Webs of Woven Words, Threads, Stitches and Enchantments

Sunday, October 11, 2009

The Sweat Lodge Disaster

When I read about the deaths and injuries that took place at James Arthur Ray's Spiritual Warrior retreat in Arizona, I was terribly saddened. Sixty four people attended the retreat. I have read news stories that state all 64 were in the sweat lodge, others that state only 21 were crowded into the lodge. All of this to transform their lives - at almost $10,000 each.

I saw the following on AOL: Joseph Bruchac, author of "The Native American Sweat Lodge: History and Legends," called the number of participants in the lodge "appalling."
"If you put people in a restrictive, airtight structure, you are going to use up all oxygen," he said by phone Saturday from his home in Saratoga Springs, N.Y. "And if you're doing a sweat, you're going to use it up that much faster." American Indian sweat lodges typically hold about 12 people and are covered with blankets made of natural materials, such as cotton or wool, and the air flow isn't restricted, he said.

I also read that Ray had done this type of retreat before - for the last seven years without any issue. However, his retreats, and those like them encourage people to go beyond their limits to get to their epiphany, if you will.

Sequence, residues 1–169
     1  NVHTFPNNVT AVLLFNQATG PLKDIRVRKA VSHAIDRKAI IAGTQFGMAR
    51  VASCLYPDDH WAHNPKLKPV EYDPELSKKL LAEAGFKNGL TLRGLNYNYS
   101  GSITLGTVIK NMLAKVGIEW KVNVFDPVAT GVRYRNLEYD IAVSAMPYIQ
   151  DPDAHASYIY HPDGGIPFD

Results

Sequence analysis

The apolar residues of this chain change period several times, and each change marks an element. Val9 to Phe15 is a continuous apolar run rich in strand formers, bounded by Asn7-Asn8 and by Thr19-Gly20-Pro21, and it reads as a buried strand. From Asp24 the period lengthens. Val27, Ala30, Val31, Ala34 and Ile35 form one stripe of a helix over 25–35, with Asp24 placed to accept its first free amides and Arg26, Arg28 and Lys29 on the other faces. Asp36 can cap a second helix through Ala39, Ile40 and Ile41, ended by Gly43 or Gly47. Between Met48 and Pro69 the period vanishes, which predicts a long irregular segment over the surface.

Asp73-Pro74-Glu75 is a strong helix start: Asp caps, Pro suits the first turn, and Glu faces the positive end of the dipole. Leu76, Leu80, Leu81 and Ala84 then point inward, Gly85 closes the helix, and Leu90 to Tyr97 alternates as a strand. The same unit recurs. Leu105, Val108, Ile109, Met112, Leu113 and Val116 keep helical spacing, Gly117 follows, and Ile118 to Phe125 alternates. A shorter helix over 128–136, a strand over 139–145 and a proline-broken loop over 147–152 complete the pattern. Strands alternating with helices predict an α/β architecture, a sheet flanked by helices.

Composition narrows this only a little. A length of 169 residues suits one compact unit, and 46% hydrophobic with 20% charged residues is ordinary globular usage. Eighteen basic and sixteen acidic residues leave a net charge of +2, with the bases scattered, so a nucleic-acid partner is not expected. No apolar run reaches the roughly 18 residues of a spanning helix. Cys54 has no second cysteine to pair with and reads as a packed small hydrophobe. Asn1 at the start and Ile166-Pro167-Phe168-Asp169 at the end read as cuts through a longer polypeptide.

Jason Pitzl-Waters, on his blog, The Wild Hunt, notes that this event certainly did change the lives of people, two of them permanently. (http://wildhunt.org/blog/)
At BeyondGrowth.net, they had this to say: "When something goes wrong in such a seminar due to it being overly intense and dangerous, usually the victims are blamed for “not taking 100% responsibility,” thus dodging the responsibility of the seminar leaders. Personally, I think we should hold James Arthur Ray 100% personally responsible for the death of these two seminar participants, up to and including going to jail."
I would think that Ray is devastated and beyond sad that these people died, likely frightened at what he may be facing too. However, I also read that he refused to speak with authorities and left Arizona. Now that disappoints me. Where's the warrior? Many wonderful teachers will suffer the consequences from this event, undeservingly. Many people who could have vital and beneficial spiritual experiences, will shy away now from any of this kind of work.
There is a very great lesson here. Many people call themselves shamans and are playing with spirits and realms they do not understand. Techniques are being used that can be dangerous - even with the direction of experienced and sincere practitioners. When a person chooses to charge great sums of money to do spiritual work for you - you should run the other way. We all have to be wary of whom we associate with and allow to "teach" us in the realms of metaphysics and the occult - in any area, in fact. Unfortunately, sometimes these lessons and experiences have results we were never anticipating.
We can hope that James Ray does everything he can to help the authorities find out what went wrong at this retreat, so he can learn, so we can all learn. Yes, we can hope.
Many people are going to have to deal with the results of this experience; to all of them, healing and prayers. To those who passed, safe journey.
Blessings nine!

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